Dan Graham

Dan Graham’s first works, starting from the mid-sixties, were a response to the contemporary art and the art system. Following a brief experience as the director of an art gallery, during which he came into direct contact with the emerging Minimalist movement, he decided to use the pages of commercial magazines to present his own works. With respect to the context of traditional art spaces, Graham was attracted by the close tie the press has with real time and its necessity to renew its contents daily, weekly, or monthly. Thus the artist could put his audience in contact with a temporality not aligned with the ideal eternity of art. On pages otherwise intended for advertising he published conceptual works that subverted that same Pop logic of using images taken from media and mass culture contexts that reflect on the idea of art as an economic product.
Interested in the complex relationship that exists between the work of art and the spectator, starting in the seventies Graham began to use performance, video, and film. Through performance, which video can document in real time, the artist investigated new definitions of the concept of the audience, elevating it from its traditional position of mere observer. Even when he exhibited himself, Graham experimented with ways that allowed the audience to find itself in a position analogous to and equally important as that of the performer. The importance given to the visual process as the determining element of the content and meaning of the work was developed in the films he produced between 1969 and 1974. Through its declared presence in the sphere of the work, the video camera affirmed the pre-eminence of the visual act. However, it is video—often presented within the context of structures similar to architectural models—that is the medium which allows the artist to more freely analyze the themes regarding vision and its relationship to spatial and temporal dimensions. In various installations, Graham has used a video camera connected to a monitor, allowing the public to perceive its own image in a different time with respect to that of the actual recording. The categories regarding present, past, and future are in this way re-examined. Similarly, the concepts of internal/external and public/private are also placed under scrutiny, thanks to the use of glass and mirrors. Above all, however, it is the role of the audience that becomes fundamental, as the artist’s work exists only through its viewers. In Graham’s videos, the observer often corresponds to the person who is observed: both are the subject and object of the work. And in turn artistic work shifts from the traditional object to become a fluid process open to the surrounding world, capable of interacting and taking an active part in the sphere of social exchange.
These themes are further investigated by the artist in the pavilions he began to produce in 1980. Constructed in metal and glass, they are characterized by an aesthetic that intentionally refers to Modernist architecture and Minimalist sculpture, both of which are subjected to a profound critical investigation. Often installed outdoors, like real independent constructions, Graham’s pavilions are traversable structures. The use of opaque or reflecting glass contributes towards regenerating the artist’s investigation concerning the borderlines between the presumed identification of the internal as a private dimension and the external as a public place, hence renewing the question regarding the definition of the work of art and its context. [M.B.]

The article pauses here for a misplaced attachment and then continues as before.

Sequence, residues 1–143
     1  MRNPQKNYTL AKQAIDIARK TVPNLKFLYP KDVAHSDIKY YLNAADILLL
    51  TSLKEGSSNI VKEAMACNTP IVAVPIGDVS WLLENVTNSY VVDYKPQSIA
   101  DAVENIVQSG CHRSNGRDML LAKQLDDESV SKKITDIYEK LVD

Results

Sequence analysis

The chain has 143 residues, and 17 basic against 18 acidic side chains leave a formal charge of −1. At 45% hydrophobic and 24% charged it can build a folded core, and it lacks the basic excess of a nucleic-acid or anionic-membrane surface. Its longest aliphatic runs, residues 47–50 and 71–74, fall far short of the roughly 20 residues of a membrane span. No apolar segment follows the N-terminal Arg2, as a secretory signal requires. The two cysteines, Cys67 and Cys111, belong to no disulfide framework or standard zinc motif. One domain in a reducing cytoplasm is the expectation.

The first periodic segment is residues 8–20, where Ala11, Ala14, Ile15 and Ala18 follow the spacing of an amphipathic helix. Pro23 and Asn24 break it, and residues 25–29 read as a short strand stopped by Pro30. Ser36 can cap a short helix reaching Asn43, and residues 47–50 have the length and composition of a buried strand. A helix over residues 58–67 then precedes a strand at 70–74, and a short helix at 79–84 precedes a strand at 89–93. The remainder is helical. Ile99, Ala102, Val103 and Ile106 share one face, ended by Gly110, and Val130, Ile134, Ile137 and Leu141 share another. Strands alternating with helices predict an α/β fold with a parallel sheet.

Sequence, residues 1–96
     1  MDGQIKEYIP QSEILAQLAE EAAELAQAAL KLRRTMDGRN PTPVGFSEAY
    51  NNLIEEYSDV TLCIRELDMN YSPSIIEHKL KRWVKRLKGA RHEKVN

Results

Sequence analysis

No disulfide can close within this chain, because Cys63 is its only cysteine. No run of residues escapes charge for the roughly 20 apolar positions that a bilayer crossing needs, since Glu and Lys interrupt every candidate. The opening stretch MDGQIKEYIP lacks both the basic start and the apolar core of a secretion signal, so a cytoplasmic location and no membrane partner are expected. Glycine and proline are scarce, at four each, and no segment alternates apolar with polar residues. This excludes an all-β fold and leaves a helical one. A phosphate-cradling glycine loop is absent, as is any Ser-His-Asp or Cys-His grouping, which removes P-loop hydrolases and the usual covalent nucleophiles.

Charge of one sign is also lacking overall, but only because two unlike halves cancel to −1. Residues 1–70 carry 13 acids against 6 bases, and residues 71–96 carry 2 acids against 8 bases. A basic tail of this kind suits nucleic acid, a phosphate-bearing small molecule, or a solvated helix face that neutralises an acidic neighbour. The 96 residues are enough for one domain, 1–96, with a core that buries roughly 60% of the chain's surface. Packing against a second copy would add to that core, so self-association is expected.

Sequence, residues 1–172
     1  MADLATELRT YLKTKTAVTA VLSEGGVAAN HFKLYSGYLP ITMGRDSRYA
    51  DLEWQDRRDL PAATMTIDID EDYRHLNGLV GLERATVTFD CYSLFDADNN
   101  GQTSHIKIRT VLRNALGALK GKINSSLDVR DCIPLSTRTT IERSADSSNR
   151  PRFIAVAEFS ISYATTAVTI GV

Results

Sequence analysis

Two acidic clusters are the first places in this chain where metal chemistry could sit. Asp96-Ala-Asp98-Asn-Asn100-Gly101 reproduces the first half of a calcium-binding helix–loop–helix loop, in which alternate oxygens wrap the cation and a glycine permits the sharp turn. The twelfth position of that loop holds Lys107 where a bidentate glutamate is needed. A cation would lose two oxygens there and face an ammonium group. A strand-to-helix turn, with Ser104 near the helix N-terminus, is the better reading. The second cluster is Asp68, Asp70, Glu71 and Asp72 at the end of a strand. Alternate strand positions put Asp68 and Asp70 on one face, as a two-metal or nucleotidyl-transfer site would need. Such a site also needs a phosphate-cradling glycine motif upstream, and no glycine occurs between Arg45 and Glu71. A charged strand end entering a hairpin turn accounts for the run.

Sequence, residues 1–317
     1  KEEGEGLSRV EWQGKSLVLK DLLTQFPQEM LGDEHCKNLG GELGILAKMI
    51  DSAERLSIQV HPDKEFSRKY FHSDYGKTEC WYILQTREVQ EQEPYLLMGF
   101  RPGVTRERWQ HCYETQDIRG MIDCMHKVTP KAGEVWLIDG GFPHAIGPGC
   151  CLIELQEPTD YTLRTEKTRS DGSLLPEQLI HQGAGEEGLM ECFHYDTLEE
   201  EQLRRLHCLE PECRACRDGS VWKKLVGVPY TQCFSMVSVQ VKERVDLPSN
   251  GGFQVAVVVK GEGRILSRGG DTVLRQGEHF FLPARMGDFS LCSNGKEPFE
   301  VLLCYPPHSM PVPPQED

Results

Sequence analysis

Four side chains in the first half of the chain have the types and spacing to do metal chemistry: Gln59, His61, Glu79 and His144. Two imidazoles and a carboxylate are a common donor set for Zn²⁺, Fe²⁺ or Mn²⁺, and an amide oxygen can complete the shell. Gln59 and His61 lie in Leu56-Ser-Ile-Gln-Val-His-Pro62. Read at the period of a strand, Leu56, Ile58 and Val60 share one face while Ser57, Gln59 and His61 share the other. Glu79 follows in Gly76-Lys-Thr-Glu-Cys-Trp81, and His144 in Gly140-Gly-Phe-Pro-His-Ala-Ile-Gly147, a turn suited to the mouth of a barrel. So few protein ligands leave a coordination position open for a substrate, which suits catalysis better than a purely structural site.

List of Works

Past Future Split Attention, 1972
video, black and white, sound, 17 min. 03 sec.
Purchased with the contribution of the Compagnia di San Paolo
Inside the same space two persons who know each other speak into a microphone: one man predicts the behavior of the other, while the other person narrates the past behavior of his acquaintance. The performance documented by the video represents one of the artist’s investigations dealing with the psychological aspects of space and time.

Performer/Audience/Mirror, 1977
video, black and white, sound, 22 min. 52 sec.
Purchased with the contribution of the Compagnia di San Paolo
In real time, the artist describes his gestures to the public, and then describes the public itself. He subsequently places himself in front of a mirroring wall and once again begins the two descriptions looking at the reflected reality.

Minor Threat, 1983
video, color, sound, 38 min. 18 sec.
Purchased with the contribution of the Compagnia di San Paolo
With a documentary style, the artist talks about a concert by Minor Threat, a Washington, D.C. hardcore music group. The video shows the aggressiveness unleashed by the concert and represents a chapter in the more in-depth investigation regarding popular music and its ritual implications the artist has carried out in a number of his works.

Rock My Religion, 1982–1984
video, black and white, color, sound, 55 min. 27 sec.
Purchased with the contribution of the Compagnia di San Paolo
In making use of written texts, sound, and visual material, the artist’s intention is to demonstrate the close relationship between religion and rock music. The video focuses mainly on the Shakers, the religious sect founded by Ann Lee, a woman who believed she was the female incarnation of Christ. More specifically, the artist concentrates on their community rites, which included dances done in a state of trance and considered necessary for the healing of the soul. These rites, which have represented an important aspect of American culture, are paralleled with the ideology of fifties and sixties rock’n’roll music.

Exhibitions